We want to believe.
The structure of the MLB season makes it so easy, after all, with 162 three-hour sprints (give or take a few extra minutes for a Gregory Soto relief appearance) comprising one six-month marathon toward the promise of the future. One good game begets another, and another, and pretty soon, PLAYOFFS!
Of course, it hasn’t worked that way for the Detroit Tigers in 2022, when even the “one good game” happenings have been few and far between. Still, even after they were mathematically eliminated (for the eighth straight season) from postseason contention Tuesday, we wanted to believe.
We wanted to believe, as the Freep’s Carlos Monarrez pointed out here, that at least the ignominy of 100 losses was avoidable.
And so after the Tigers gut out a 10-inning comeback win over the semi-mighty Chicago White Sox on a pleasant Friday night at Comerica Park, we wanted to believe reliever Alex Lange when he told the Freep’s Evan Petzold, “We’re going to continue to work, and we got a lot to prove. We’re going to finish strong and ride the momentum into next year.”
Hello, and welcome to the Bittersweet 16 Newsletter.
Turns out, the Tigers had momentum over the weekend the same way Wile E. Coyote had momentum when chasing the Roadrunner toward a tunnel in the desert.
Meep meep! Two more losses! (Though Saturday’s at least took 11 innings — the Wile E. Coyote equivalent of having just enough time to read the “Meep meep!” tag on the bomb just delivered by the Roadrunner.)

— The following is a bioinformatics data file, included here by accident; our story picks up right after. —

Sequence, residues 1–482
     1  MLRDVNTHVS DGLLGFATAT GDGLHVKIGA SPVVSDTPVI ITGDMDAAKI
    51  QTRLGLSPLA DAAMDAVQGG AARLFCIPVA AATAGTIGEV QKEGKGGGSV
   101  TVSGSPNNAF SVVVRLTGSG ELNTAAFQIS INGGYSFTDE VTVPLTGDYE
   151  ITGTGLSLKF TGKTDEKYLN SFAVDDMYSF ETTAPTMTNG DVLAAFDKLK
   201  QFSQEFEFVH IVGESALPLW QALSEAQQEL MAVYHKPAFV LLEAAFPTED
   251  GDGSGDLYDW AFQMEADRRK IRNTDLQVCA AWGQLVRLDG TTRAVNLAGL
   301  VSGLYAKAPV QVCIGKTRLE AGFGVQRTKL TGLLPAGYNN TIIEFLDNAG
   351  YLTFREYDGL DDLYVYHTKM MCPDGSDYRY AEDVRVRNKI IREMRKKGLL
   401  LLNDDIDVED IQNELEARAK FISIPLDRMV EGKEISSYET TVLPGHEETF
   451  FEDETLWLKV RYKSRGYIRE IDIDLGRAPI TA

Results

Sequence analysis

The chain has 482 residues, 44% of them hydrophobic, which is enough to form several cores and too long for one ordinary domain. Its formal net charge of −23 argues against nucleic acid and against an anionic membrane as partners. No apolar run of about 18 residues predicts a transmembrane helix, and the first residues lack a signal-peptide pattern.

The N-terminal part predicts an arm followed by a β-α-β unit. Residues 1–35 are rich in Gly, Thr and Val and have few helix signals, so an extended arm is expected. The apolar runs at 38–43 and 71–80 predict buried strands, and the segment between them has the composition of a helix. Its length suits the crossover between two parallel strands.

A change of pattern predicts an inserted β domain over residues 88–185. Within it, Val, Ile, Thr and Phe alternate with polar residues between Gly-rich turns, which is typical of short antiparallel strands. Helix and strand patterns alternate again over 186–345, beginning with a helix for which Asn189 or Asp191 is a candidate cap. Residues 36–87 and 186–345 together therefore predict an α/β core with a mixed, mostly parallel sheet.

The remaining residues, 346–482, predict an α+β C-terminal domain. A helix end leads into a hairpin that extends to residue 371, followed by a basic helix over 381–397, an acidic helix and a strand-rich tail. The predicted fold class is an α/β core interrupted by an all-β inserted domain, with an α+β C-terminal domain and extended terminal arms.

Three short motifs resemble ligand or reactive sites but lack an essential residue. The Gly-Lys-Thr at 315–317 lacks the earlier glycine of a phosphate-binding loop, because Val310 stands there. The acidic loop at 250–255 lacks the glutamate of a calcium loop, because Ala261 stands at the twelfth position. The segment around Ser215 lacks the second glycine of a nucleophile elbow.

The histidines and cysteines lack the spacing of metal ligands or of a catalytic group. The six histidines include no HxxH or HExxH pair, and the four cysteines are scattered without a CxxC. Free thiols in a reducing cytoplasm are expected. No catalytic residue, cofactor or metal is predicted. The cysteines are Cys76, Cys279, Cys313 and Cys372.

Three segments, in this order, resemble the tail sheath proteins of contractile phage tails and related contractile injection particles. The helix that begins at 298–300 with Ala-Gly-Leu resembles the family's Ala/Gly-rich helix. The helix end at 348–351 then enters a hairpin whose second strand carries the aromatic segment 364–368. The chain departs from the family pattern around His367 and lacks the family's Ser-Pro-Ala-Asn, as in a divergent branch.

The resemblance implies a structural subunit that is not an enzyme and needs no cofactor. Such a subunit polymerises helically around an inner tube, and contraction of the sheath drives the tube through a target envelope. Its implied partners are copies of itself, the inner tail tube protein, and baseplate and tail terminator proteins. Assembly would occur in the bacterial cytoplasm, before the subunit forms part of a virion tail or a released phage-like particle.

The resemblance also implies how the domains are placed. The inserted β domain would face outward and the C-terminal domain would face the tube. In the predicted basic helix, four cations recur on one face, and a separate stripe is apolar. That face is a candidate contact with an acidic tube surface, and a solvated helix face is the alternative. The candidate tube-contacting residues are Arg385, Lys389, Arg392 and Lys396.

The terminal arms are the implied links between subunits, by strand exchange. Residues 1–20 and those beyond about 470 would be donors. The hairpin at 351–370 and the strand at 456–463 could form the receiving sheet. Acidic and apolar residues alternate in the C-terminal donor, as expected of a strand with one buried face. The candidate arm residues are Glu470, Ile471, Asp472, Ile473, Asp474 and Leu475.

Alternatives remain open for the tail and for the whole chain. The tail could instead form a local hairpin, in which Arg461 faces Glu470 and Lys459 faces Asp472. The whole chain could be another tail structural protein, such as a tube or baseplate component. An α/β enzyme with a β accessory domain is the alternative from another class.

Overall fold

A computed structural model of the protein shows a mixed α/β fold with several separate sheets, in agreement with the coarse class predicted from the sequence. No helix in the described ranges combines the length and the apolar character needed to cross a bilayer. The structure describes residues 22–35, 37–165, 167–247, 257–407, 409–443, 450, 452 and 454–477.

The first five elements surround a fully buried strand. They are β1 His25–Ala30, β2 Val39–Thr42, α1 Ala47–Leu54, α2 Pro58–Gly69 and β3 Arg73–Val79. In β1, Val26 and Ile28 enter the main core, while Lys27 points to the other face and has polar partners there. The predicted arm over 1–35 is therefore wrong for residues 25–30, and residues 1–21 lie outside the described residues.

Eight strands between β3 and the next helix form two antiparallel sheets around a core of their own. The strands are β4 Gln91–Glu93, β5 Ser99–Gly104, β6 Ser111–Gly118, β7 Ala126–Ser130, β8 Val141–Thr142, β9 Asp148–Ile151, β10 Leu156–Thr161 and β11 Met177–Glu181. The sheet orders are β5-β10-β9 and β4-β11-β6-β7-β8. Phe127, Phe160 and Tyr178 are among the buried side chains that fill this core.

The tunnel is fast approaching: With just 16 games to play, the Tigers need eight wins to finish at 63-99. (Don’t hope for many more than that, though; the Tigers’ best 16-game stretches this season topped out at 10 wins, and those were back in July.)
Ol’ Wile always believed he was going to catch that bird, and so we’re left to believe in momentum once again.
Of course, momentum was also the buzzword for last season’s 16-game finish, during which the Tigers raised everyone’s hopes with a 7-9 surge that was, well, not great, but far, far better than the matching 4-12 marks put up in 2019 and 2020. (And light years ahead of the 9-24 mark the Tigers opened 2021 with.)
Momentum! Meep meep! Right into another 9-24 start this season.
But we want to believe, so we’ll crunch some numbers in hopes of finding out, anecdotally, what these final 16 games could tell us about the Tigers’ chances for next season. Let’s take a look at some select Tigers squads that made playoff runs and see how they finished the prior season:
2011: We’ll skip the 2012 squad that made the World Series; they were expected to be good after making the playoffs in 2011. But the 2011 squad that won the franchise’s first division title since 1987? Its run was somewhat unexpected, even after the end of May, when the Tigers sat just two games above .500. But maybe 2010’s finish was a harbinger of competitiveness; those Tigers went 9-7 over their final 16.